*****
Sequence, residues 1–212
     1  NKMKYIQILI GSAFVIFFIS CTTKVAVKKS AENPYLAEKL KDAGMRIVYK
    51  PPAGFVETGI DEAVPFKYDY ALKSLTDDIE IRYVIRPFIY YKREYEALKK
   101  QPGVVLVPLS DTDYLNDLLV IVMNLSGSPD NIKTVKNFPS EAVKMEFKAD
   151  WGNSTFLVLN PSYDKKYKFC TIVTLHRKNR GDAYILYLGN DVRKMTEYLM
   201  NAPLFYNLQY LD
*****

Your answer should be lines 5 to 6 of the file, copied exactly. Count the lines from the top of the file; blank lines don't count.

   151  WGNSTFLVLN PSYDKKYKFC TIVTLHRKNR GDAYILYLGN DVRKMTEYLM
   201  NAPLFYNLQY LD